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Shocked Ethicist Had to 'Sit in Silence' After Watching Planned Parenthood Videos. Here's the Major Impact He Believes the Footage Will Have.

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"It's not just theory anymore."

Anti-abortion activists hold a rally opposing federal funding for Planned Parenthood in front of the U.S. Capitol July 28, 2015 in Washington, DC. (Olivier Douliery/Getty Images)

Dr. Russell Moore, president of the Ethics and Religious Liberty Commission of the Southern Baptist Convention — the nation's largest Protestant denomination — believes that the undercover Planned Parenthood videos that allegedly show doctors discussing the sale of fetal tissue could have a profound impact on the nation's abortion debate.

"Some consciences are being pricked and awakened by this, and I think this just might be an impetus to a rejuvenated pro-life movement in this country," Moore recently told The Church Boys podcast. "People are seeing something with their own eyes and hearing things with their own ears, and it's not just theory anymore."

While he said that he assumed he wouldn't be "shocked" by the videos based on his work in the pro-life movement and his knowledge of Planned Parenthood, Moore said that he found himself absolutely stunned after viewing the undercover clips.

"I just had to sit in silence for awhile after seeing all of these videos," he said.

The Southern Baptist leader and ethicist, who also discussed his new book, "Onward: Engaging the Culture Without Losing the Gospel," described what he believes are the most concerning trends both inside and outside of the Christian realm.

Listen to Moore below (interview starts at the 46:00 mark):

Among believers, Moore said that fear is a profound problem, as many Christians either want to withdraw from the culture or find themselves angry and ranting over recent changes in the landscape.

"The most concerning trend that I'm seeing in the church is fear. I see a lot of Christians who are hand-wringing when they look at the culture around them," he said. "If we really believe what we say we believe — that the Gospel is the power of God and salvation — [then] we shouldn't be hand-wringing people when the culture around us starts to see Christianity as antagonistic and strange."

Outside of the church, though, Moore said that there is a larger-scale issue at play: a "sense of radical autonomy that 'I'm my own Lord, my own creator, my own God.'"

While the Baptist leader said that this isn't new, he believes that it's a problem that's driving many of the current questions and dilemmas in the public square. He also warned that Christians should avoid internalizing language that is used by the people who dislike Christianity — such as statements that believers are "on the wrong side of history" on various issues.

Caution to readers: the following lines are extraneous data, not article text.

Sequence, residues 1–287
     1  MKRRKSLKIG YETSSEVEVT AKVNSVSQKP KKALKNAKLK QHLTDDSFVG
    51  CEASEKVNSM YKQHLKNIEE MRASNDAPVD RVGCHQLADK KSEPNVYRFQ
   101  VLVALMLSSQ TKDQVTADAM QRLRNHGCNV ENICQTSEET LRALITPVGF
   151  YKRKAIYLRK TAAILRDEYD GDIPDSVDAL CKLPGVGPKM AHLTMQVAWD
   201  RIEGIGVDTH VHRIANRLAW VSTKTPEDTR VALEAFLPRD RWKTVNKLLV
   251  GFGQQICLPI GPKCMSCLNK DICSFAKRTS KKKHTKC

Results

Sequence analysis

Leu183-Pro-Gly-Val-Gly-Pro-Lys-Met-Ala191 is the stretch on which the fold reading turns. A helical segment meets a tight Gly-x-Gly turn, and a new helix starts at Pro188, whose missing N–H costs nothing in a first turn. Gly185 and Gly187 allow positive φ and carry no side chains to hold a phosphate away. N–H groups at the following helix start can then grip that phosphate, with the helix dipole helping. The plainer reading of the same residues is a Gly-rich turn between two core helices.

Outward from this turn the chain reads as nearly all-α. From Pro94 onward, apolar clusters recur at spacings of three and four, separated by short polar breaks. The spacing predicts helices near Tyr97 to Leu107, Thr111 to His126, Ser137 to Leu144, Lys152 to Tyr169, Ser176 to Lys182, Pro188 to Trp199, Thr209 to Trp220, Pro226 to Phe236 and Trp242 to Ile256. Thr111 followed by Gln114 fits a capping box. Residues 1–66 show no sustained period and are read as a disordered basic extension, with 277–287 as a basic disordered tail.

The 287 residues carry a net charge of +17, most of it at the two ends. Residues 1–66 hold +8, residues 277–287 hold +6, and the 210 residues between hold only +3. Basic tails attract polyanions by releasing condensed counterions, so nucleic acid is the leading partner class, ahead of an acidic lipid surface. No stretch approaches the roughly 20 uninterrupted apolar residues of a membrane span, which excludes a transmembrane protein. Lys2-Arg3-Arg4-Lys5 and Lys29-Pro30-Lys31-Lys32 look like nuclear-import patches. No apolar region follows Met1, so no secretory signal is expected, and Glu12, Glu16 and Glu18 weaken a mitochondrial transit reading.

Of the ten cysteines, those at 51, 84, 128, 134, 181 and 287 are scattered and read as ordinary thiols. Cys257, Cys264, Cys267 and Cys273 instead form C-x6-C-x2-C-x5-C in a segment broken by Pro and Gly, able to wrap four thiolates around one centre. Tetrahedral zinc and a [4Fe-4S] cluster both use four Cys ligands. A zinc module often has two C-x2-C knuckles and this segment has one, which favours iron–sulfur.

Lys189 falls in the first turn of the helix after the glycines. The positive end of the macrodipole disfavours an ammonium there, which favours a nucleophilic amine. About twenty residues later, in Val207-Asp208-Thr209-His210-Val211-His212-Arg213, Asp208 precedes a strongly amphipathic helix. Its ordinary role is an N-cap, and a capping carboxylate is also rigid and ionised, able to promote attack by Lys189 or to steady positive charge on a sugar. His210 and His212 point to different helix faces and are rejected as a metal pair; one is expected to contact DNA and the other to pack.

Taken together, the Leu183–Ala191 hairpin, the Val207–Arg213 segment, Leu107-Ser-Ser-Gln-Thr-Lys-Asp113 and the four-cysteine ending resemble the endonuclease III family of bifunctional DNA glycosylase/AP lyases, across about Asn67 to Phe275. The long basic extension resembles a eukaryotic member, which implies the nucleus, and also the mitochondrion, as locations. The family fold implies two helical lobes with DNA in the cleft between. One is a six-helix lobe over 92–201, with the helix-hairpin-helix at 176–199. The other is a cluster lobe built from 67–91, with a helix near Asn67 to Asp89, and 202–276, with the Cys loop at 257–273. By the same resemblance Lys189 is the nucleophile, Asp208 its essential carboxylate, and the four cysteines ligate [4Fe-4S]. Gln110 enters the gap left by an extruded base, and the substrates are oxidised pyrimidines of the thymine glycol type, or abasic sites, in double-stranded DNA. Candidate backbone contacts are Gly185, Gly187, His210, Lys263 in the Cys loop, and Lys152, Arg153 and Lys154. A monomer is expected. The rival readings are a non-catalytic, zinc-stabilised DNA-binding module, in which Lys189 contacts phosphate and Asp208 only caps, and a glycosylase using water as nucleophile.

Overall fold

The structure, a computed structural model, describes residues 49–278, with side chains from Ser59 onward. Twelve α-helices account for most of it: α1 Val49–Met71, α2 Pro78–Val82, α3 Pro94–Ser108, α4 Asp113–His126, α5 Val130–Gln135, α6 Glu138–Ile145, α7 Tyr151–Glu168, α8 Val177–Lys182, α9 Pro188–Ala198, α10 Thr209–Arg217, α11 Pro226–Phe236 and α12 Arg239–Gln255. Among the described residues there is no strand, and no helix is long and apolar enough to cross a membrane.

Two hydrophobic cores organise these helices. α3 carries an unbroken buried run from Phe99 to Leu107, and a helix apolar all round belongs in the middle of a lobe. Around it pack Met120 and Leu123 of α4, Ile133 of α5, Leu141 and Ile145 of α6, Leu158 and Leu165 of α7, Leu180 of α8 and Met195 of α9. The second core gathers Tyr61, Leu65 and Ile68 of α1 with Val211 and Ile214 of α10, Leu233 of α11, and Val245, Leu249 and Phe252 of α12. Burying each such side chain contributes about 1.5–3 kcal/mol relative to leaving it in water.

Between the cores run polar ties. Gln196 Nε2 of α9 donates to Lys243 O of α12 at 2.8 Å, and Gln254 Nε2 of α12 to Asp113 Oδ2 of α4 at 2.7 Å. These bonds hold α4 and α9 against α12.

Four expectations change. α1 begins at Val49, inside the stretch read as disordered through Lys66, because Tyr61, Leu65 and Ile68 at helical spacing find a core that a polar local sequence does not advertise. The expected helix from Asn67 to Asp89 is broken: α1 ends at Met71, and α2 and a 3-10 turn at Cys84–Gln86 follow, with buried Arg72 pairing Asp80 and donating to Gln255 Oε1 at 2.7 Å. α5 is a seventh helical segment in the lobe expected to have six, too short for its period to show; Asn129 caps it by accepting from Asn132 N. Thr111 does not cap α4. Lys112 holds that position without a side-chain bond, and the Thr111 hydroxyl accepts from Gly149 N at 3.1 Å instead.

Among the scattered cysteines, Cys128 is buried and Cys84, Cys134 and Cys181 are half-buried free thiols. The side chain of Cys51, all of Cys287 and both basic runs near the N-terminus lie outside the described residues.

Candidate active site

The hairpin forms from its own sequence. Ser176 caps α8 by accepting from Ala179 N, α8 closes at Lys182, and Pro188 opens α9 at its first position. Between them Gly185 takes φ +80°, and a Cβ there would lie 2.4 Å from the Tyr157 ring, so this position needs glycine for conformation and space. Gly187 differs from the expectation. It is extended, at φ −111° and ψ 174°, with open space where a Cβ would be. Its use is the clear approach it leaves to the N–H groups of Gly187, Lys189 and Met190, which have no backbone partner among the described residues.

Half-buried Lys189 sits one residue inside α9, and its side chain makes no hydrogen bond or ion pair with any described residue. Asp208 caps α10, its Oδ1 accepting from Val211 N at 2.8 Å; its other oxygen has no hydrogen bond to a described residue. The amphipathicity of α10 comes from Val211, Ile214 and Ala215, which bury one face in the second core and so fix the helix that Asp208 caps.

"And if we start to actually believe that, then we become frantic and fearful," he said.

Moore encouraged Christians to find the areas in which the agree with their opponents, citing sexual freedom as an example of an issue that many people differ on, but that most individuals can find at least some common ground on.

"There really aren't very many people in American life who would say, 'Complete laissez faire,'" he said. "They would say some things are moral, some things are immoral."

With that in mind, he said that there's a good opening for believers to come in and discuss those issues and ask why people are embracing certain moral parameters, though he encouraged people to be in it for the long haul.

"One of the mistakes we sometimes make when we're arguing with people ... we assume that the way people change is loosing the argument in the moment," Moore said, calling such a dynamic quite rare. "Usually it's a longterm thing when people start thinking through issues."

Photo credit: Shutterstock

When it comes to the battle over cultural issues, Moore said that it's essential for Christians to look into the future, as combating a problem while failing to consider impending cultural tides can be incredibly problematic.

He cited the example of pornography, noting that believers made headway with making a case against it years ago. The problem? They failed to see what was coming down the pike.

"There was a digital technology coming right behind that would make porn ubiquitous with an illusion of anonymity," he said, noting that the digitization of smut took the church off guard. "We have to be paying attention to not just what's happening right now [but] what could be right in front of us."

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